When I moved to the Rothgerber firm Denver in 1990, I contacted the University of Denver’s law school to see if they would be interested in having someone teach an advanced course in Discovery law.  It turned out they did, and I served as an adjunct professor for six years.  In those years, I developed a course that was a “Carnegie integrated course” before such a thing existed.  It integrated the doctrine, skills, and ethical identity apprenticeships in myriad ways throughout the course.

Since I came to teach at DU full-time eight years ago, I have continued to refine the course, and I have now it taught almost a dozen times.  I also have recently authored a hybrid textbook (with print and online components) to support this different method of teaching.

In the course, students learn the Federal Rules of Civil Procedure that govern civil discovery law, and we study important cases that interpret those rules.  Throughout, the students are not just learning but also doing.  That is, they are working on a litigation, assigned to represent a party, and assigned to an opposing counsel (who is another student in the course).  In the mock litigation, the students are only given part of the relevant information, so at least they can get started.  The rest of the semester, they use the discovery rules to learn the rest of what they need to know – just like in a real litigation.  So, we learn about Rule 33 and how it operates in practice, and then the students prepare a set of interrogatories and serve it on their opposing counsel.  In the next class, we learn about answering interrogatories (which is mostly about privileges and objections), and then the students answer the set that they received from their opposing counsel.  And so on throughout the semester.  The students also conduct a deposition, and at the end of the course, they settle the case and prepare a settlement agreement.  In the deposition, student court reporters from the Denver Academy of Court Reporting take down the testimony and produce a transcript for each student to review.  Students take, defend and act as a witness in the deposition; that way they experience it from all vantage points.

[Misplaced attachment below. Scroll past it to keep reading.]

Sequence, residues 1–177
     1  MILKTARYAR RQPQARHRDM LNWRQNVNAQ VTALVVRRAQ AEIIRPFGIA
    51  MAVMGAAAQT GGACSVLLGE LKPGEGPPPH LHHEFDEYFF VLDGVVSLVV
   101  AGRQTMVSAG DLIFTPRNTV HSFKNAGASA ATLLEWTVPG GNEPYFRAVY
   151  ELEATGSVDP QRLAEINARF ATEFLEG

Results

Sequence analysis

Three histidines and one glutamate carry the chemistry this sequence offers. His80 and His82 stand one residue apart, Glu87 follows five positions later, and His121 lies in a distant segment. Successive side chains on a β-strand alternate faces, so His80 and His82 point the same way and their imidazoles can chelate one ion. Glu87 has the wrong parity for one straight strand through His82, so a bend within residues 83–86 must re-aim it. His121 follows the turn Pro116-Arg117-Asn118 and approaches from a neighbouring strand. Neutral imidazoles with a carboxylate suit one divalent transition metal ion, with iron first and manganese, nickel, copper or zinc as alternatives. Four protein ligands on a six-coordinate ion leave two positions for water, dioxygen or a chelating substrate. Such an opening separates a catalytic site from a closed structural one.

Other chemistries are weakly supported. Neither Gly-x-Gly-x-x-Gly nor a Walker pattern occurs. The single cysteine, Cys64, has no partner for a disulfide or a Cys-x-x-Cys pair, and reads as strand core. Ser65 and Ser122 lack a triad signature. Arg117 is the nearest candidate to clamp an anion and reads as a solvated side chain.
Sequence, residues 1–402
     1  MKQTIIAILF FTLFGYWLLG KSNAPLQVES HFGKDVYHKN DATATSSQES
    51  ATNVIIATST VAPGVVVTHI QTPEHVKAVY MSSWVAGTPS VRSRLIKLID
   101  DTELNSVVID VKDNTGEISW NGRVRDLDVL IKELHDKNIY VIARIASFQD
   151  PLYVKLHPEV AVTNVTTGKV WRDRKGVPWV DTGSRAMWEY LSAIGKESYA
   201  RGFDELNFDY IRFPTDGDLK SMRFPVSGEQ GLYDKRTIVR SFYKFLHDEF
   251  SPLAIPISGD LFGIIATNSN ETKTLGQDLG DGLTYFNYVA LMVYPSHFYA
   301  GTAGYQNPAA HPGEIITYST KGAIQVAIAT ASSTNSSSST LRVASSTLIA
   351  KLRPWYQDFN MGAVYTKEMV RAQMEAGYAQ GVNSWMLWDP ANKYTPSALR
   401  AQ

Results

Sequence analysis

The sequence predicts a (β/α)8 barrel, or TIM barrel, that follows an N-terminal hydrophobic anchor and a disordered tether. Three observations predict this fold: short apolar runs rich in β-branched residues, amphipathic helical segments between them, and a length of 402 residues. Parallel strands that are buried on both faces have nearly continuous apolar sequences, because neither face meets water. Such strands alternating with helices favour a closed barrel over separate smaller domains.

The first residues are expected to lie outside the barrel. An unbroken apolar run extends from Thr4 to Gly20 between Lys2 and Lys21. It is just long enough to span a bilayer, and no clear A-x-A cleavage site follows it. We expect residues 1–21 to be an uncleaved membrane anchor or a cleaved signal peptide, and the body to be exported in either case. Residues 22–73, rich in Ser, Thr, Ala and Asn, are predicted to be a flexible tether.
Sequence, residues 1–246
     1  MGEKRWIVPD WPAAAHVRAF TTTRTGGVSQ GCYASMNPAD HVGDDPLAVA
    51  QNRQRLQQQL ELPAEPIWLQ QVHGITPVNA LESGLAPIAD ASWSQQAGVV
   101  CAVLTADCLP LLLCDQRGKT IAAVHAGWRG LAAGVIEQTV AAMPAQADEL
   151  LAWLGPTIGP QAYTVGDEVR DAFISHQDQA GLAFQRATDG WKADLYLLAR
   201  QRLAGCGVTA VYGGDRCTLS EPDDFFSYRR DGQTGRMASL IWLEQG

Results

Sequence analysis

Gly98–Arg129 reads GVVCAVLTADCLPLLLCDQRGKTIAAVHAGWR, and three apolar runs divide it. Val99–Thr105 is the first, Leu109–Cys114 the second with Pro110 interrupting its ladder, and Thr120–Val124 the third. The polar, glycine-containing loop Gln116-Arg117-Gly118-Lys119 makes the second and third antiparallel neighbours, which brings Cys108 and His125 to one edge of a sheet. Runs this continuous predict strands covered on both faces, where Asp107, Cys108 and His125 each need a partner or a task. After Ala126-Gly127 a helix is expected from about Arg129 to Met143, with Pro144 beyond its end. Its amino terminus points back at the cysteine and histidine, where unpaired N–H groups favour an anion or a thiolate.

I created this course so that at least those students who had taken it would never enter their first legal job (as I did) with little idea of how the rules of civil procedure actually apply in practice.  I discovered to my immense joy that it is massively more fun to teach in this way.  And students are highly engaged: if you have heard stories about students tuning out in class to check their email or Facebook page (or perhaps you did that occasionally in law school?), I can tell you that does not happen in this class – student engagement is very high.  A teacher’s greatest joy is to teach engaged and motivated students.

While there are pockets of this kind of teaching going on around the country – more commonly in the last few years – it is still fairly isolated.  A new initiative of the Institute for the Advancement of the American Legal System at DU – it is called “Educating Tomorrow’s Lawyers” – is aimed at encouraging this kind of integrated teaching at law schools across the country.  It will, over time, contain teaching portfolios from many law professors who teach in this “Carnegie integrated” way, so that other professors can learn and incorporate these techniques as they see fit in their own courses.  There are three teaching portfolios already posted on its new website, including one explaining the Discovery course I teach in more detail.  If you would like to know more about this effort, please visit the website – http://educatingtomorrowslawyers.du.edu

© 2011 David Thomson – all rights reserved

David Thomson is a Professor and Director of the Lawyering Process Program at the University of Denver Sturm College of Law. David is well known for his expertise in using technology in teaching, and has presented widely across the country on this topic over the last few years. He is the author of Law School 2.0: Legal Education for a Digital Age (LexisNexis/Matthew Bender 2009). David’s Discovery Practicum course is one of the three innovative courses featured by IAALS‘ Educating Tomorrow’s Lawyers project at DU.